Poor mule, well, the act finished with this tiny tot coming out and proudly mastering the unrideable mule.

The final act was, MUCH to my utter amazement, a chimpanzee act.

First I was a little worried considering the big story of the chimp attacking a woman in Connecticut a few months ago, but then it was sort of horror for these poor things...still, as I watched each one clap for itself after each little trick, my heart went out as I know that performing creatures do appreciate the applause, so I clapped and called words of encouragement and gave the occasional whistle.

Well, I didn't have to pretend when they brought out a pony and had one of the chimps riding on the back, to finish with back flips as the pony cantered around the ring. Yeah, it was cool. And we were maybe ten feet away.

Admission for three, two cotton candies, two sodas, a popcorn, a pic on a pony, a pony ride, and a soaking in clown tears all for under $50. Great deal! Check out the Walker Brothers Circus-just make sure to clap and hoot and whistle for me, ok? :D

N.B. This is a free consumer review. The author has no affiliation with Walker Brothers Circus nor it's associates.

Friday, July 3, 2009

Finally some sun from the gloom! (poems)


How beautiful is the rain!
After the dust and heat,
In the broad and fiery street,
In the narrow lane,
How beautiful is the rain!

How it clatters along the roofs,
Like the tramp of hoofs
How it gushes and struggles out
From the throat of the overflowing spout!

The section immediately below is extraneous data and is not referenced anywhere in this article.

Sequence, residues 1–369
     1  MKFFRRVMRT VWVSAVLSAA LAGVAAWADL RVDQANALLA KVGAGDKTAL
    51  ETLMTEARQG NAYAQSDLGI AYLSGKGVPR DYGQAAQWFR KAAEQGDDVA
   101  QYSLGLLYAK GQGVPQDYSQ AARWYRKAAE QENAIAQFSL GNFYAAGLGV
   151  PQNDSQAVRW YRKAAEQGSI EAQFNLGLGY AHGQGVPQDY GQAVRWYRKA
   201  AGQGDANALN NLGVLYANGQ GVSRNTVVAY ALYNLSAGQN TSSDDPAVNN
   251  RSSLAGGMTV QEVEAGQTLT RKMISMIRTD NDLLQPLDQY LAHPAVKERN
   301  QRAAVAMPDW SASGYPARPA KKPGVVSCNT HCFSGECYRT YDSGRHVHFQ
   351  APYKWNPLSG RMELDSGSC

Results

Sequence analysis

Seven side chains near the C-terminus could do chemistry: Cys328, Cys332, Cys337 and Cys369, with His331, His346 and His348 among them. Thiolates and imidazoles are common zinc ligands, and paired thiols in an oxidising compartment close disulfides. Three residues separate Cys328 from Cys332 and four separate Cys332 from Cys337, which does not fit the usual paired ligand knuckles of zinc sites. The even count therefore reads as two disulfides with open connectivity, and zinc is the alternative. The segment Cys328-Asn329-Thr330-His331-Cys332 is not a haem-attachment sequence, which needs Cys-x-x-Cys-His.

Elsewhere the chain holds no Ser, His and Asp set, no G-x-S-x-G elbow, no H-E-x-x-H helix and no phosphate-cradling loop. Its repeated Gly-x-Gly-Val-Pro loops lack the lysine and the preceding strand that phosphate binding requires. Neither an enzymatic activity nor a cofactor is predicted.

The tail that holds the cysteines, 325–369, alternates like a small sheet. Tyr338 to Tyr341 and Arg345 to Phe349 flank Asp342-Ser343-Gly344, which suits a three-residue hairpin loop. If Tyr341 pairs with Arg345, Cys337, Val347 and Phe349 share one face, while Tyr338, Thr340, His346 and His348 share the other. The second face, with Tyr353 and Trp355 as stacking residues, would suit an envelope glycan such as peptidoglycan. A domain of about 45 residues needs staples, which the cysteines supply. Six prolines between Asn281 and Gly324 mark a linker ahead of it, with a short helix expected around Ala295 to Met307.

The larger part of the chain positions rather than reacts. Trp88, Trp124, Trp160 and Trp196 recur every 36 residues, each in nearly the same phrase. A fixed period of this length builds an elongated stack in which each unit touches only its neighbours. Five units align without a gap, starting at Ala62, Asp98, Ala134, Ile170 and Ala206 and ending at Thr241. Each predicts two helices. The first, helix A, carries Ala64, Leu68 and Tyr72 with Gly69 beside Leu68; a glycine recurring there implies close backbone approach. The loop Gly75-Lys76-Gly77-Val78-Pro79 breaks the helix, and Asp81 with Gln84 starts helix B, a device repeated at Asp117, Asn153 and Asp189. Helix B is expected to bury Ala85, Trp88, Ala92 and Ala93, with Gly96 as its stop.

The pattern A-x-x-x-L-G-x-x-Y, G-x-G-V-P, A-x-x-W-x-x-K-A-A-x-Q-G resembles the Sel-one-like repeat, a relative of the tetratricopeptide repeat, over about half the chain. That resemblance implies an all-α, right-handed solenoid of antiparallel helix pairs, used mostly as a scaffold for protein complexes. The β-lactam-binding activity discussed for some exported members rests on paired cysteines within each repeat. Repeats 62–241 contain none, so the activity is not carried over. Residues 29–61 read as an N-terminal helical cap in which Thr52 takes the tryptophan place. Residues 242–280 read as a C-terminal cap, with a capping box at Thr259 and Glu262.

Across the window-pane
It pours and pours;
And swift and wide,
With a muddy tide,
Like a river down the gutter roars
The rain, the welcome rain!

The sick man from his chamber looks
At the twisted brooks;
He can feel the cool
Breath of each little pool;
His fevered brain
Grows calm again,
And he breathes a blessing on the rain.

From the neighboring school
Come the boys,
With more than their wonted noise
And commotion;
And down the wet streets
Sail their mimic fleets,
Till the treacherous pool
Ingulfs them in its whirling
And turbulent ocean.

In the country, on every side,
Where far and wide,
Like a leopard's tawny and spotted hide,
Stretches the plain,
To the dry grass and the drier grain
How welcome is the rain!

In the furrowed land
The toilsome and patient oxen stand;
Lifting the yoke encumbered head,
With their dilated nostrils spread,
They silently inhale
The clover-scented gale,
And the vapors that arise
From the well-watered and smoking soil.
For this rest in the furrow after toil
Their large and lustrous eyes
Seem to thank the Lord,
More than man's spoken word.

Near at hand,
From under the sheltering trees,
The farmer sees
His pastures, and his fields of grain,
As they bend their tops
To the numberless beating drops
Of the incessant rain.